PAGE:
PETWORK
02/2014

SIPA shows strength in beauty with its development and production systems for cosmetics and beauty and home care PET bottles

SIPA sees strong prospects for making inroads into the prestigious market for very high quality small bottles for cosmetics, beauty and household products. The company has a proven capability to develop and prototype new bottle designs for its customers, and it offers different systems for manufacturing preforms and containers that meet the special requirements for visual appeal, performance, and extra added value that make this sector particularly demanding.

Prototype cosmetic containers recently developed and produced by SIPA provide an ample demonstration of the company’s capability. The containers, varying in volume from 50 mL to around 500 mL (in metric and US dimensions) in round, oval, and rectangular shapes, have striking designs to complement their target contents. “In this sector more than any other, the aesthetics of the container are especially important,” says Dino Zanette, Chief of Packaging Design at SIPA. “Containers need to stand out with eye-catching features and designs to appeal to the most discerning consumer.”

SIPA can provide cosmetic container makers with equipment for making their products in a single injection-stretch-blow molding stage, as well as in two separate stages. Its ECS single stage machines stand out for their ability to produce bottles with high aesthetic qualities. This is due in large part to the fact that preforms are kept separate from one another throughout the process, eliminating any chance of their surfaces being damaged as they touch each other. Any rub marks or scratches on preforms are often very easy to see in the blown bottles. “Scratches are simply not permitted in this sector,” says Zanette. “The image of the product depends on a perfect presentation.”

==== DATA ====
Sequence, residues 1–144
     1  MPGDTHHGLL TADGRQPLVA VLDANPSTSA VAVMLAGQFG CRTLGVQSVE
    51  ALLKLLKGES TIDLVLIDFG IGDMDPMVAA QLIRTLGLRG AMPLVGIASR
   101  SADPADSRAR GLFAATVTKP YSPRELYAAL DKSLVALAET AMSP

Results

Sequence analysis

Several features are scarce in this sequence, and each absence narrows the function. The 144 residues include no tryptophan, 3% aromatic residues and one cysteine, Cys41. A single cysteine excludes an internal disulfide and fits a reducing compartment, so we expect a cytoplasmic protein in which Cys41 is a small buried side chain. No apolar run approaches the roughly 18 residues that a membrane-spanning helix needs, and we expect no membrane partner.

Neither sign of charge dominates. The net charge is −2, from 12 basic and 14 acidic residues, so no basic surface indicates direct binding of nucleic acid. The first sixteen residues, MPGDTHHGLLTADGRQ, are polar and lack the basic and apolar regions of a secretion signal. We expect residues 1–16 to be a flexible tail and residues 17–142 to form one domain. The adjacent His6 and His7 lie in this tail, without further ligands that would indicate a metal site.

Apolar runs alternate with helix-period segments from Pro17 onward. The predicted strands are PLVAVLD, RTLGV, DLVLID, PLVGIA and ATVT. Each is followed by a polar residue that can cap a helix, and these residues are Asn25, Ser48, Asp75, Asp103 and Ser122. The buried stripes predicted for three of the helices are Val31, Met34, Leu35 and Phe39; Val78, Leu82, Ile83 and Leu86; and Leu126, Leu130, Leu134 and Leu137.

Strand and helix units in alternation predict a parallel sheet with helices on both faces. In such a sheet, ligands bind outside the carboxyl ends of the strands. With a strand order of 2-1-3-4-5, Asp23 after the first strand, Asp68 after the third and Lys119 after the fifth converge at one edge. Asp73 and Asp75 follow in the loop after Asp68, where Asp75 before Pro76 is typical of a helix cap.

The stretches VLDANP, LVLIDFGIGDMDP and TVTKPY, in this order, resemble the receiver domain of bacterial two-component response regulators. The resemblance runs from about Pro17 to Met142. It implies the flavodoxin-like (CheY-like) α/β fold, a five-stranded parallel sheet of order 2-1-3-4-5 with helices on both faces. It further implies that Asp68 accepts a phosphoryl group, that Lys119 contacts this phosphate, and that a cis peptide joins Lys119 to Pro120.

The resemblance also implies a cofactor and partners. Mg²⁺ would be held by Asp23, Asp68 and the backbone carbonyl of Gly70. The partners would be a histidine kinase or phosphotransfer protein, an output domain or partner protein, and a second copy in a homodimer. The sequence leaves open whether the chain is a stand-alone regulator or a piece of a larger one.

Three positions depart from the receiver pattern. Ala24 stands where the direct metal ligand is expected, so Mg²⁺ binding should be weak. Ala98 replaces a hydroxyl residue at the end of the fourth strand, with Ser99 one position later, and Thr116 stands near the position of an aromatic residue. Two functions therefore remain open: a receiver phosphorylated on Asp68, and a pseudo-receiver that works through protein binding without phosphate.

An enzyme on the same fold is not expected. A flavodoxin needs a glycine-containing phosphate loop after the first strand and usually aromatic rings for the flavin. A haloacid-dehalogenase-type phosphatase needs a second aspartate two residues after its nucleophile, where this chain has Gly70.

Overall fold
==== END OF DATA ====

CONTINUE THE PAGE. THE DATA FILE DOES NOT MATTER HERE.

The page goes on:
A second advantage of ECS single stage technology is that the preform is always optimized for the container. “The technology removes any potential problem with the type or size of the neck finish,” point out Zanette. “In addition, the preform has a thermal profile that makes it easy to blow. Production of small jars for beauty creams and balms is possible, as well as oval containers for soaps, shampoos, shower gels, and so on.”

Two-stage machines do have their place in this sector, all the same. They have something of a cost advantage, since the preforms can be bought on the market, for example. However, for certain neck finishes, preforms are often not available on the open market—so the producer is constrained to make their own. In either case, bought or self-produced, special attention has to be paid to the quality of the preform. For oval shaped containers, the oven on the stretch-blow molding unit needs to be equipped with preferential heating, but once that is done, it is possible to produce oval containers for soaps (even with neck orientation), shampoos, shower gels, and the like.

Help with design and prototyping
SIPA is able to provide its customers in the cosmetics sector with a broad range of pre-production services. In its prototyping department, for example, it can carry out structural calculations and simulations, and its laboratories offer testing facilities for performance assessment and qualification. Even before producing a physical prototype, SIPA carries out a deep technical assessment of the existing production environment, and can simulate preform and bottle performance.

SIPA R&D specialists can quickly conduct advanced performance simulations. Also with the use of Finite Elements Analysis, they are able to check package technical feasibility and identify potential improvements for cost-effectiveness at the prototype stage.
Design ideas created in-house and in partnership with customers undergo rigorous testing and development via process engineering and SIPA’s highly advanced prototyping operations before any metal is cut on production molds.
SIPA designers balance creative inspiration with technical, safety, and cost considerations. They know exactly what properties PET containers must have to succeed in production and how to stretch the limits.